forkEdition #16 / A LUNCH AT HIGH ALTITUDE

forkEdition #16 / A LUNCH AT HIGH ALTITUDE

[We have a wander around Italy on the hunt for the most typical dishes of our heritage. Which you can also replicate at home, if you fancy. That’s right, because we’re also going to give you the recipe!]

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I’m writing on a Sunday in January. It’s cold outside, as usual: it’s the middle of winter for us! Over the Christmas holidays we have feasted on countless delicious dishes, and perhaps today we should be observing a period of fasting...

But it is chilly outside, and an empty stomach certainly does not warm you up. So, let’s take inspiration from cold locations and one traditional mountain dish in particular, as we return to Cortina, this time to enjoy a warming serving of Canederli dumplings.

The Italian version of the German Knödel, canederli are large bread dumplings common throughout central Europe. In Italy, you can find them north-east of the Alps.

It is a humble dish – designed to use up dried-out bread – that can come in a thousand different variations: with bacon, mushrooms, spinach or cheese, or even as a dessert with berries or prunes... 

I’m crazy for the “verdi” (green) ones, with spinach: despite the high butter content, I tell myself that at least they are more affordable... and they do contain vegetables!

Easy to make and a great comfort food, they are sure to warm us up on this lazy winter Sunday. So, let’s get to work, shall we?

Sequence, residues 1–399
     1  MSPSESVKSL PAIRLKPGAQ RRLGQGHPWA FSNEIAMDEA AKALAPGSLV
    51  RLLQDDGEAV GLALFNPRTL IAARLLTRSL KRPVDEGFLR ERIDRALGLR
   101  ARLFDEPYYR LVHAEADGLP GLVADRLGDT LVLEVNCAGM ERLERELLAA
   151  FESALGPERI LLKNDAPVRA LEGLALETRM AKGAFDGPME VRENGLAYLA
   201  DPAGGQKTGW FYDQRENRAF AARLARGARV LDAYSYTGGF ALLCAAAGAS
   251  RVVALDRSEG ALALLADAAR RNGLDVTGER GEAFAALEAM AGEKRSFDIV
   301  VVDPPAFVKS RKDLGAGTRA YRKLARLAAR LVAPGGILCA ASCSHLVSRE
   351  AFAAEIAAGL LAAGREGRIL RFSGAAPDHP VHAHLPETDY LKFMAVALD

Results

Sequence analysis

CANEDERLI VERDI

[preparation time: 30 minutes + 40 minutes resting time]

Ingredients [serves 4]

  • 200 g cooked spinach (equal to 400 g fresh). Or you can use frozen spinach, which is super convenient!
  • 150 g stale bread (preferably with just a thin crust. Otherwise, you can remove the crust)
  • 60 g onion
  • 50 g milk
  • 30 g Parmesan cheese
  • 25 g plain flour
  • 20 g butter
  • 2 medium eggs
  • 1 clove of garlic
  • Salt and pepper
  • Nutmeg (to taste)

 For the seasoning

  • 70 g butter
  • 30 g Parmesan cheese
  • Chives
  • Nutmeg (to taste)

Method

We begin with the spinach, which needs to be boiled for a few minutes in boiling water.

In a frying pan, we then melt the butter and brown the finely chopped onion and the garlic (whole). Squeeze the spinach well to remove excess water then add it to the pan and season with salt, pepper and a sprinkling of nutmeg. Let everything combine for 5-6 minutes. Remove the garlic and allow the mixture to cool to room temperature. 

[“Healthy” tip: you can replace the butter with extra virgin olive oil for frying] 

Once it has cooled, blend the spinach in a blender together with the eggs (whites and yolks).

Now on to the dumplings! Slice the bread into small cubes and place them in a bowl. Add the spinach mixture together with milk, Parmesan cheese, flour and salt. Mix everything together with a wooden spoon until you obtain an even mixture. Cover the bowl with a tea towel and let it rest for 15 minutes.

Take a spoonful of the mixture, press it between your slightly wet hands and form a ball the size of a fairly large tangerine.

Continue making balls until you have used all the mixture. As you form each dumpling, place them on a cutting board dusted with flour or on a sheet of baking paper. Let them rest for just over half an hour: this will ensure they hold together while they cook, without falling apart.

In a high-sided pot, boil plenty of salted water and gently place your Canederli verdi in the water. Cover with a lid, leaving a small vent (I use a wooden ladle to prop the lid slightly up). Lower the heat and let the dumplings cook for about 16 minutes.

Meanwhile, melt the butter in a bain-marie (so you don’t risk it burning). The original recipe would have you melt it in a pan until slightly brown (browned butter), but I prefer not to take any chances! 

A handy tip: dumplings should not be drained like pasta, but rather taken out one by one using a slotted spoon. Place them directly on each plate. 

Pour over the melted butter, a generous sprinkling of Parmesan cheese, another grating of nutmeg and the chives, finely chopped. And voila, it’s just as though we are in Cortina!

Buon appetito! 💗


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